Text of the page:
David Carr, columnist for the New York Times, repeats a warning I have sounded — that WikiLeaks founder Julian Assange has a strong activist agenda combined with a lack of concern for the consequences of publishing secrets that may, in the long run, do more harm to the WikiLeaks phenomenon than government attacks.
Carr writes that the fruitful hybrid journalism that conjoins activist hackers and mainstream newsrooms to publish the Wikileaks-supplied documents won’t be easy in the future because Assange is a “complicated partner” who does not share the values and aims of professional journalism. For Assange, “transparency” is the “ultimate objective” to deprive illegitimate state actors the secrecy they need to continue their questionable behavior. Mainstream media do publish secret information like WikiLeaks, but they regard the state actors (or states) in question as legitimate (if imperfect) political entities that have at least some legitimate secrets. http://nyti.ms/gLdQTk
I have said — and continue to worry — that this difference in values will soon force professional newsrooms to limit, stop, or reconsider cooperation with Assange and future Wikileaks-like web sites because of their strong activist belief that all secrets should be published — potentially harmful consequences be damned. The best way for this new trend in whistleblower journalism to continue to have widespread public support is to balance, carefully, the freedom to publish with minimizing harm to innocent third parties and individuals named in secret documents, and by making sure the information won’t assist terrorists. I simply don’t believe that this balancing act is a concern of WikiLeaks, nor do I expect it to guide any new stateless web sites.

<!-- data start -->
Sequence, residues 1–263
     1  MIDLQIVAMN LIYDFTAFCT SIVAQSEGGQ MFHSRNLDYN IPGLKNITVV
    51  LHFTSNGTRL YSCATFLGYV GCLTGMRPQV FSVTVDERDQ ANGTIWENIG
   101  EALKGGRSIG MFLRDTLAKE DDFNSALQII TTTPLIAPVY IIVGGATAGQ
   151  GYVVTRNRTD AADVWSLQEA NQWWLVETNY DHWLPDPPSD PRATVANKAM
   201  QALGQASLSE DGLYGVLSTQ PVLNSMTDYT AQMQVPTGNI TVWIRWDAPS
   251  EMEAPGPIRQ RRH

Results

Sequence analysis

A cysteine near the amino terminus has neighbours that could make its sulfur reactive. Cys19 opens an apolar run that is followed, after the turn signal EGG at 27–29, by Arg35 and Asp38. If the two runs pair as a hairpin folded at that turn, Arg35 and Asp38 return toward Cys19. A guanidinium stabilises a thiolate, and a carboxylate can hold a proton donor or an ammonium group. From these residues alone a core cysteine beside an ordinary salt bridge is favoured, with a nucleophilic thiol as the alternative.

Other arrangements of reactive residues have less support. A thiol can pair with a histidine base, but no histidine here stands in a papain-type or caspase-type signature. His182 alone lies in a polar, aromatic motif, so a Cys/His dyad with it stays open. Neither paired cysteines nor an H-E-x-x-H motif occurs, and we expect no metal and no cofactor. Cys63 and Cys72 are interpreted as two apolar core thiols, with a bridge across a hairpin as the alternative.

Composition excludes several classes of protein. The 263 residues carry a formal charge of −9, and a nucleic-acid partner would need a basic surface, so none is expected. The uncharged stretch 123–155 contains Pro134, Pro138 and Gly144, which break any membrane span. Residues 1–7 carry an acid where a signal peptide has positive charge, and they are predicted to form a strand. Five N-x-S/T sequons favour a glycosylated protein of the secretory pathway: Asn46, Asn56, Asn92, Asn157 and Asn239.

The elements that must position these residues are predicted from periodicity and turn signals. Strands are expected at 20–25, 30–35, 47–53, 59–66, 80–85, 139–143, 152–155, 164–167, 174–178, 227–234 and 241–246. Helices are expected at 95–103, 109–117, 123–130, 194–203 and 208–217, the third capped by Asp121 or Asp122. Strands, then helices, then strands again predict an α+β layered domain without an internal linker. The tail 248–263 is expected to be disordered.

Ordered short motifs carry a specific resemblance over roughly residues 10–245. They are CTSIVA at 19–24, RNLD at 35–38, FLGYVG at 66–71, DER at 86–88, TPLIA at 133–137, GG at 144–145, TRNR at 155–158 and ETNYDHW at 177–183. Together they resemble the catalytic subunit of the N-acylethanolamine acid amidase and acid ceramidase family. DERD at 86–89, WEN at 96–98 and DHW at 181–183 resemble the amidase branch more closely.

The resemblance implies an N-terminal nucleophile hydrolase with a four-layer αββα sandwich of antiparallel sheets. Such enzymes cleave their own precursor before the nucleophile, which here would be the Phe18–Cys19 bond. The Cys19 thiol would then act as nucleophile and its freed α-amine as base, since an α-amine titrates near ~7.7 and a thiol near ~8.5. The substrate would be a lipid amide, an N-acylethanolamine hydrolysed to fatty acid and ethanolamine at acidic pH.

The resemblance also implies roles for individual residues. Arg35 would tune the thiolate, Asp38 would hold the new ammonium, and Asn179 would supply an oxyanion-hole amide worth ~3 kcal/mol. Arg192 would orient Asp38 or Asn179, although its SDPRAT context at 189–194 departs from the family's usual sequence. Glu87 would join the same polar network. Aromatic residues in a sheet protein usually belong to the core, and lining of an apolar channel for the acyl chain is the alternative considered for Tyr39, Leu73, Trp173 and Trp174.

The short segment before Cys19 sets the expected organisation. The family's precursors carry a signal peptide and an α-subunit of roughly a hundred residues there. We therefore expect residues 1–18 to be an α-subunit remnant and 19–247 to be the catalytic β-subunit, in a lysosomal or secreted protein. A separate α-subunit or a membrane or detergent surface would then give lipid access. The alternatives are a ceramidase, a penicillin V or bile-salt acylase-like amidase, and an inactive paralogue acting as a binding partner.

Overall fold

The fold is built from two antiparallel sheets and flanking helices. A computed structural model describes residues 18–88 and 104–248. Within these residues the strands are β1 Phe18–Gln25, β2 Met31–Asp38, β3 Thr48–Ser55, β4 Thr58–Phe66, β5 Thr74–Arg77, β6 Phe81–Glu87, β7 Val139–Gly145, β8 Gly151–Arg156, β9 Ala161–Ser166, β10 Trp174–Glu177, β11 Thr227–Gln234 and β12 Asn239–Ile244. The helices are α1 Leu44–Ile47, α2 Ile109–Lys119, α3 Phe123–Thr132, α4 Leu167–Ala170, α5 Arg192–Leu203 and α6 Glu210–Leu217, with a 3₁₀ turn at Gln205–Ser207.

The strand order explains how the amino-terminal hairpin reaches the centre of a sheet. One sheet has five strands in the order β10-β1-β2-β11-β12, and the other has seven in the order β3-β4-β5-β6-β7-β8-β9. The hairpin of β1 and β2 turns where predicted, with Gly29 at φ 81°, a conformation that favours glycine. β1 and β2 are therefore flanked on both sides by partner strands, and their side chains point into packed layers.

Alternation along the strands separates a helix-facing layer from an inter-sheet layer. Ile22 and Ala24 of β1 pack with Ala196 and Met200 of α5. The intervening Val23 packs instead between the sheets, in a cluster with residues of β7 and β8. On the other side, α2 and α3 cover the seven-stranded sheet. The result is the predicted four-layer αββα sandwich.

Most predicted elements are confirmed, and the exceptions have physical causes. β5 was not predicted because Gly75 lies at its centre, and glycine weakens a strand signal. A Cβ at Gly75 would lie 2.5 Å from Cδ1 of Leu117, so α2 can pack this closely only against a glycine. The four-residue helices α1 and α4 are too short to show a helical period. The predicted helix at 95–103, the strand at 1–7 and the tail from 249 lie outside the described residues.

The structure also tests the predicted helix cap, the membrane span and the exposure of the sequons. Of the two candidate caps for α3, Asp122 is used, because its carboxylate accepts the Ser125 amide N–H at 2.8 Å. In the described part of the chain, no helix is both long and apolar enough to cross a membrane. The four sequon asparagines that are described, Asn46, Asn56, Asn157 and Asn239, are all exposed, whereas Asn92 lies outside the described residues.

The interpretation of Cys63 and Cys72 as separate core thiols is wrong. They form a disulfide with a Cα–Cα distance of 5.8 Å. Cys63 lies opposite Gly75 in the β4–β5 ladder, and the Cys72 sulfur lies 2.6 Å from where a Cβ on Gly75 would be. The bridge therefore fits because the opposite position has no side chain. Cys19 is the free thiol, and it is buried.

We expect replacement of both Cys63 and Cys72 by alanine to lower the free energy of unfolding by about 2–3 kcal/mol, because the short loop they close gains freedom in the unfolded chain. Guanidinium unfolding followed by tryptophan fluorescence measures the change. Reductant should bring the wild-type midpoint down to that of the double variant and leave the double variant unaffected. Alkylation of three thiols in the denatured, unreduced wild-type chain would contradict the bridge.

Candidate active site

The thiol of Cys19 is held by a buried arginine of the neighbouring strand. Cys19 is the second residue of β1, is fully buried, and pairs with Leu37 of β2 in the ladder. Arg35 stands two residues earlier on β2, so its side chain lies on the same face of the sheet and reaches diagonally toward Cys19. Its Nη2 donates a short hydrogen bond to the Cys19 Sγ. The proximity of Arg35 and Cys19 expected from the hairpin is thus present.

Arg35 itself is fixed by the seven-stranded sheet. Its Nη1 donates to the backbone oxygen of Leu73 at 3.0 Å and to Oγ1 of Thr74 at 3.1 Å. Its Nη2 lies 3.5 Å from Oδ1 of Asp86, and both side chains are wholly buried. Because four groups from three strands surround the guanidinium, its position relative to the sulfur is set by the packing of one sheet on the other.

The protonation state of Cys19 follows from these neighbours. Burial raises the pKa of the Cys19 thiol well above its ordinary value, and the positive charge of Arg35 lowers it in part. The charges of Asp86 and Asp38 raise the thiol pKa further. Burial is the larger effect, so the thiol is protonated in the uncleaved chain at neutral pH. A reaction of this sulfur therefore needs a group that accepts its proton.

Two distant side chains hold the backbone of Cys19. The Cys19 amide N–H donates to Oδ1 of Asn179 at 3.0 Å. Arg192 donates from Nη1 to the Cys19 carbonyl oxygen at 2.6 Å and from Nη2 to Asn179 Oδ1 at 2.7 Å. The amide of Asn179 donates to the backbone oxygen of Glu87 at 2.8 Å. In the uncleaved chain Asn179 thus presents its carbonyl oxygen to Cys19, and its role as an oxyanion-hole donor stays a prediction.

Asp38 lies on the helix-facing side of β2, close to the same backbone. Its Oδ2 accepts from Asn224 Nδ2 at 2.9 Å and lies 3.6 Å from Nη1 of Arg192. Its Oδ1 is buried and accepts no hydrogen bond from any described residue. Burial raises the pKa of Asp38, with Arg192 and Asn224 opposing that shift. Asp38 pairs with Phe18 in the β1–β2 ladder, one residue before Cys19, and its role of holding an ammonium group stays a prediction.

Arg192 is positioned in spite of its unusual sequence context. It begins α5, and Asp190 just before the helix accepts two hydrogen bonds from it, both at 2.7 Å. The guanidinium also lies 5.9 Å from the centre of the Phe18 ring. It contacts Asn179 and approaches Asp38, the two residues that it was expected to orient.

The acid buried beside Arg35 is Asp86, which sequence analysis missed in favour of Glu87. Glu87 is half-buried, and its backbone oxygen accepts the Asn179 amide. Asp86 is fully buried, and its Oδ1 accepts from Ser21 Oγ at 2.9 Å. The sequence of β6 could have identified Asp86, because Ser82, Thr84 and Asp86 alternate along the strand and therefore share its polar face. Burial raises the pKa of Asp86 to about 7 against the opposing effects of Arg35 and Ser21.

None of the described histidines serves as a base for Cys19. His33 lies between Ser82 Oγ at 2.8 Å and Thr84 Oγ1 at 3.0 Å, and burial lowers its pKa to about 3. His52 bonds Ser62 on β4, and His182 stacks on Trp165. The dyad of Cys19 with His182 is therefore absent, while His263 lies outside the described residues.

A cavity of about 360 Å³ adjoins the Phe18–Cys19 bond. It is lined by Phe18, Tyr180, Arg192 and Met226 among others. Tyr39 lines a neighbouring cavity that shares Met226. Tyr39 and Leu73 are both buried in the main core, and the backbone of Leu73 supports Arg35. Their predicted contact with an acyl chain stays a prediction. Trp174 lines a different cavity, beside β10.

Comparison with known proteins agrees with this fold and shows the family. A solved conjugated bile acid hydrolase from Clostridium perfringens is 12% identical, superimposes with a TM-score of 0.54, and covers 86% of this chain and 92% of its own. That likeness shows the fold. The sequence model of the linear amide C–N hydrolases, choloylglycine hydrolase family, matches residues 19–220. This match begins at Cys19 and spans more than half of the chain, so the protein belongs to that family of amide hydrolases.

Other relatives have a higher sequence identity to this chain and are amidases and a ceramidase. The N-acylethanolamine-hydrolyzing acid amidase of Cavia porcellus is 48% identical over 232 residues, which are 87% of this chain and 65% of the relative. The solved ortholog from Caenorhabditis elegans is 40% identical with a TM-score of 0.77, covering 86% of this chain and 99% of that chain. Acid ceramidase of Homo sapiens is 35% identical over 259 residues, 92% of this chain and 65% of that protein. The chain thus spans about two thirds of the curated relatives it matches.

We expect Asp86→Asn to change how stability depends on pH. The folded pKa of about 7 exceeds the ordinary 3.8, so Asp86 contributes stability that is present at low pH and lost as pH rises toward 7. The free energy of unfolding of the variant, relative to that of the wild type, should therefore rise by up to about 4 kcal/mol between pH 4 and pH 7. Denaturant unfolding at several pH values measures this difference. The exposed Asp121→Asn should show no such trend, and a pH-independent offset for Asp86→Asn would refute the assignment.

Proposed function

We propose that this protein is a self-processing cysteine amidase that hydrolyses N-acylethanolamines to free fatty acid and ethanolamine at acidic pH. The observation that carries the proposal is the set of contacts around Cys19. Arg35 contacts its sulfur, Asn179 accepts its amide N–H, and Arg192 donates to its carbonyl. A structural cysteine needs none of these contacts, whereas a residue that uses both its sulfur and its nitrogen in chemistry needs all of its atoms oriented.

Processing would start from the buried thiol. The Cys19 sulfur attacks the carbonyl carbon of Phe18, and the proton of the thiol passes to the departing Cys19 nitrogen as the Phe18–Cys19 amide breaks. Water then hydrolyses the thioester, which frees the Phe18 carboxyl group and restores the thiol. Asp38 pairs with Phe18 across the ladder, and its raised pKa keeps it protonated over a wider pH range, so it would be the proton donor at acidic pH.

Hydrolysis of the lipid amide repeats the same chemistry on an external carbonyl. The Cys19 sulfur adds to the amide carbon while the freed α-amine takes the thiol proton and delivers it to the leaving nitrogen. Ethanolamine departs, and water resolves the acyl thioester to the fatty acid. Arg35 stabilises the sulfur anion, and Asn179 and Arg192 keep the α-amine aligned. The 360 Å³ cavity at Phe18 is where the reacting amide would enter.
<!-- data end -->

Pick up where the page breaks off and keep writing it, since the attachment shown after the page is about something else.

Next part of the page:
A parting of the ways looks likely down the road, perhaps after a release of documents leads to the death of people. I say this with concern because I support the publication of the diplomatic cables.